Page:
That’s because Manuscript for Murder focuses on just that: a book that kills. Not literally, of course, but close enough given that anyone who reads the manuscript dies, including Jessica’s longtime publisher Lane Barfield who sees the book within a book as the next Da Vinci Code that can restore him to publishing relevance. Not being one to take the murder of friends lightly, Jessica takes up the case, only to find herself marked as the next victim.

Old-school fans of the book series might raise their eyebrows at the thought of incorporating such thrills and spills into the narrative. But Land doesn’t so much reinvent the cozy formula as tweak it a bit. Cabot Cove is still Cabot Cove and the tried and true cast of recurring characters are well represented from Sheriff Mort Metzger to Dr. Seth Hazlitt to private eye Harry McGraw. Land’s dialogue hums with more rapid and pointed exchanges, true more actually to the spirit of the television show than the voluminous series of books that predated his involvement.

River Bodies by Karen Katchur

Reviewed by Vickie Dailey

River BodiesWhile this is considered a thriller – it has great elements but misses the mark. While crimes were committed, why were they committed? How can an entire town be oblivious to what is going on. There were a lot of allusions to a cover-up but no reason as to why.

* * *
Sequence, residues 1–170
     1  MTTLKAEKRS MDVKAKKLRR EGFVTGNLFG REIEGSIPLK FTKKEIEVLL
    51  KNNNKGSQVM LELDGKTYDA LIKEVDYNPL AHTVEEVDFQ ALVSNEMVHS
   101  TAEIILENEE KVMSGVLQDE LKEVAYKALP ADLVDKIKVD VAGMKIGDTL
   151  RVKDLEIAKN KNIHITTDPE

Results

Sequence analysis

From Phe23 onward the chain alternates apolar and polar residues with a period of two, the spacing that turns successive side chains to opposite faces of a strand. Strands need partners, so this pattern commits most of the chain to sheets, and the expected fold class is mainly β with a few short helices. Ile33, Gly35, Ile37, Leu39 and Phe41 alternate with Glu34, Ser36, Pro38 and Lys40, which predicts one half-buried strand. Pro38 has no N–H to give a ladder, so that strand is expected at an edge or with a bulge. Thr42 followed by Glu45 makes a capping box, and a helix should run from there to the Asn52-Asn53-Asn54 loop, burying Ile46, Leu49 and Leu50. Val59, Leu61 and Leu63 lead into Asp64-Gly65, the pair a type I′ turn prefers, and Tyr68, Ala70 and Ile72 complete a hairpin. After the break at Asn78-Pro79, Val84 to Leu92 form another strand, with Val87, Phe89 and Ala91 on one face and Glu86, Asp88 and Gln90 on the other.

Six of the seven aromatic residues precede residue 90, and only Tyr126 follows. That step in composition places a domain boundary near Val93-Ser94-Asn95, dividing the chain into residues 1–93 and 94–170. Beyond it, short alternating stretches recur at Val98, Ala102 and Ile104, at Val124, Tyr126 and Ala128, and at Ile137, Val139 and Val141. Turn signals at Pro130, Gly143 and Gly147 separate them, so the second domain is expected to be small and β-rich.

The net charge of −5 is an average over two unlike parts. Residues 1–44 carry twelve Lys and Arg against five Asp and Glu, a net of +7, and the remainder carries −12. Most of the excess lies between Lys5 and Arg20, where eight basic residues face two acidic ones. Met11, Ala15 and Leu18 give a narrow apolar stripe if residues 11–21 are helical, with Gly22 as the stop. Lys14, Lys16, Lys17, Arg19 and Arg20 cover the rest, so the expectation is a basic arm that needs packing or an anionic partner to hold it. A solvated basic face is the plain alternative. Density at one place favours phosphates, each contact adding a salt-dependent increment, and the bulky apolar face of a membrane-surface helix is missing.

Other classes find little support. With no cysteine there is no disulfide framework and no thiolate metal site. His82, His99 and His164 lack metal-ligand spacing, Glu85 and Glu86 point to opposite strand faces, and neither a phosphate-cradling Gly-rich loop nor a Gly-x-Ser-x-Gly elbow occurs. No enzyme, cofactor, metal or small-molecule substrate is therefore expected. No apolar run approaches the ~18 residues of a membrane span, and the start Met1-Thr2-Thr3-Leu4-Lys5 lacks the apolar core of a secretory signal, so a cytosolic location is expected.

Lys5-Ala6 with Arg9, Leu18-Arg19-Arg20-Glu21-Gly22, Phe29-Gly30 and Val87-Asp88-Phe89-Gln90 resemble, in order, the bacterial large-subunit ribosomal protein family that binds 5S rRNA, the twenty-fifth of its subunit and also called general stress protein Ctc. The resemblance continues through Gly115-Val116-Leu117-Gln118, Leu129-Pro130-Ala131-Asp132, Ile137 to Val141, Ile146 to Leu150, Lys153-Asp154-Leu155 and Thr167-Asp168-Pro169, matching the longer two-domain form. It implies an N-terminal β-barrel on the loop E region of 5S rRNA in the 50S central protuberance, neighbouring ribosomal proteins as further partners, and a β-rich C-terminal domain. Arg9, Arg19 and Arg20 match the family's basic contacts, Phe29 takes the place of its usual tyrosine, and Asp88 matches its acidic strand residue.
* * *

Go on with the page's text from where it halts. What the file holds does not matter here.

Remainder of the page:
The Christmas Scorpion: A Jack Reacher Novel by Lee Child (Kindle Version)

Reviewed by Allen Hott

The Christmas ScorpionA very different approach this time by Lee Child as he puts Jack Reacher, everybody’s favorite, in a short story! Much of the concept is typical however as Reacher is heading south (as usual) to be warm for the winter. Strangely enough though, it doesn’t work out that way as the small south California town gets hit with a tremendous snow storm. And that storm forces Reacher to finally seek shelter in a very lonely bar/restaurant where only the owner and two other couples are staying…..also trying to stay warm and out of the snow.

And this is where Child starts building his story. It seems one of the couples explain to Reacher that they are Royal Military Police and they were on their way to the nearby military base (where Reacher had been stationed at one time as a Military Policeman). They were part of a group that not only included a very higher-up in English politics but some other very important people from the United States. The snowstorm had torn up their automobile caravan leaving them far behind the others in the group.

They ask Reacher to use his knowledge and possible contacts at the base to get them assistance and find out if the others in their group had arrived. Right after this discussion started the gentleman from the other couple came over and asked if they could please be considered part of the group so that they could somehow get out of the storm.

Prior Bad Acts (Kovac and Liska #3) by Tami Hoag

Reviewed by Allen Hott